What to know about motorcycle safety

11:33 AM, May 20, 2019
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Warm weather and long days mean peak motorcycle season is beginning. While riding is a superb way to experience the outdoors and enjoy great gas mileage, it’s not without risks.

Because motorcycles inherently offer riders less protection than a car, the National Highway Traffic Safety Administration estimates motorcyclists are 28 times more likely than passenger car occupants to die in a crash.

Luckily, there is a lot you can do to be safe on a motorcycle, potentially saving yourself and others from injury or death.

Here are some important steps to take when you head out on the open road.

Wear a helmet – even if you don’t have to

Michigan has a lot of motorcyclists – it ranks in the top 10 for states with the highest numbers of motorcycle registrations – and helmets are not required for adults, 21 and older, according to the Insurance Institute for Highway Safety .

However, legal doesn’t equal safe. Skipping the helmet puts you at a higher risk for injury in a crash. A summary report published by the Office of Disease Prevention and Health Promotion found that “helmets were estimated to reduce the risk of death by 42 percent and the risk of head injury by 69 percent.”

Know where accidents occur

About two thirds of all Michigan motorcycle accidents occur when the motorcyclist is driving straight. How is this possible? Because of inattentive drivers.

“The single, most frequent cause of motorcycle/passenger vehicle accidents is due to automobiles turning left in front of motorcycles driving straight,” law firm Goodman Acker says. “Intersections are the most common locations for motorcycle accidents.”

Slow down at intersections if you see vehicles waiting to turn left, and prepare to perform evasive maneuvers, if necessary.

Be aware of blind spots

All motor vehicles have them, but not all drivers are great at checking them. A good rule of thumb is, if you can’t see other drivers’ eyes in their sideview mirrors, they can’t see you. Avoid blind spots when possible, and drive through them quickly when passing.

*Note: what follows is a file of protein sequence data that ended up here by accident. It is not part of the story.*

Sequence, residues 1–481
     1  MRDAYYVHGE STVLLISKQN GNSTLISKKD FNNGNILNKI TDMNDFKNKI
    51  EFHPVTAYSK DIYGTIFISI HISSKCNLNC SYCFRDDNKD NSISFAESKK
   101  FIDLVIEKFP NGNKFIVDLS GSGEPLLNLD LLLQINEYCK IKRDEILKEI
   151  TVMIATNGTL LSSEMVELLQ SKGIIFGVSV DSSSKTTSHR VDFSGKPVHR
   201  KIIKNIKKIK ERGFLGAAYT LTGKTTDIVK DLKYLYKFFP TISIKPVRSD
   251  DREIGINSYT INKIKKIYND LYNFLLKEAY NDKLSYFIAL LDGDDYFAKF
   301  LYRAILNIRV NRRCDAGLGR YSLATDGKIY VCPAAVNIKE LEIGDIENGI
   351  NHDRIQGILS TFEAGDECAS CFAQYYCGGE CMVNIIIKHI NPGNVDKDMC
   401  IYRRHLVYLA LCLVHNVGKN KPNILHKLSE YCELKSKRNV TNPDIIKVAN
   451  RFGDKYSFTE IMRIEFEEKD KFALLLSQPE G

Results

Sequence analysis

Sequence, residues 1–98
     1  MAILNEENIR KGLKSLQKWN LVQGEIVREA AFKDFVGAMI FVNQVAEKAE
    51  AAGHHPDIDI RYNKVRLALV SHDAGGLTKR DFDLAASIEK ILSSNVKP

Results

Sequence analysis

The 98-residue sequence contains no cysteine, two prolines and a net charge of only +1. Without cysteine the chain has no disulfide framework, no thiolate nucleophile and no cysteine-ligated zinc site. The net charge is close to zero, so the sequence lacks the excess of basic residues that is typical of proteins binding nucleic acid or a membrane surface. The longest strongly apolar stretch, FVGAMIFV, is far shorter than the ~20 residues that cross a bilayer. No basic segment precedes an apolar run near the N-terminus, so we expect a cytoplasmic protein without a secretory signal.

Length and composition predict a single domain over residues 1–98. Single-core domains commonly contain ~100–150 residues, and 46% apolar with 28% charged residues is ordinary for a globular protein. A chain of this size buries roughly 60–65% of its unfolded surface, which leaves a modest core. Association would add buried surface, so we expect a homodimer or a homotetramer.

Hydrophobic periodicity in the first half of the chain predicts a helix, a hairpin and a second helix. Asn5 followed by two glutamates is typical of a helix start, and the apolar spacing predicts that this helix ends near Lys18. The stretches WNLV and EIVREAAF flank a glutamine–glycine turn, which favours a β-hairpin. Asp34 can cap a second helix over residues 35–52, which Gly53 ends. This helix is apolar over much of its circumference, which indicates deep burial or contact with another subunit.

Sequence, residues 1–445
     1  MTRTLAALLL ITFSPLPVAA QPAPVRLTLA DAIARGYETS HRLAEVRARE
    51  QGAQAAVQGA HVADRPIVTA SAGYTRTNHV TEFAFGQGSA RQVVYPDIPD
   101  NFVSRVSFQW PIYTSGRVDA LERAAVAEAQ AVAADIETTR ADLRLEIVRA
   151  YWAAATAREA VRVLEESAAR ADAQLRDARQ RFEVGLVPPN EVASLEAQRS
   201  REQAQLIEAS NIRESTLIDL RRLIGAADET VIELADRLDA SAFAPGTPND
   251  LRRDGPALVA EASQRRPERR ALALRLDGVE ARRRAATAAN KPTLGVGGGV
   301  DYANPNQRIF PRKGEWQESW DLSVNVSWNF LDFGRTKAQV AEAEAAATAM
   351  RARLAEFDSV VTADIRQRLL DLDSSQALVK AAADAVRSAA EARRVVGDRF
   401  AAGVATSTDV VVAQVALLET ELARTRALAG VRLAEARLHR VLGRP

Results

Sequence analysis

Check driving conditions

Knowing road conditions before a trip could save you more than time and gas, it could save your life. Checking the weather forecast, conditions on mountain passes, construction maps and traffic accident reports. Then, decide if today is a good day for wearing extra safety gear or skipping the motorcycle ride.

Watch for wildlife

Wildlife and cattle are particularly dangerous to motorcyclists, especially as there are 50,000 vehicle-deer crashes every year, according to the Michigan State Police . While a collision between a deer and a car causes damage to the vehicle, a motorcycle-deer collision is likely to have more serious consequences.

The MSP warns drivers that crashes involving deer are common in spring and fall, especially at dawn and dusk. Because deer are herd animals, if you see one, there could be more, and they usually walk in single file across the same stretch of road. In areas with high deer traffic, there are often signs to alert you to the possibility of deer crossing the highway.

Motorcyclists hope to come home safely when they head out on a ride, but it doesn’t always work out that way. If you or a loved one is involved in a motorcycle accident, call the experts at Goodman Acker for legal advice about your situation.

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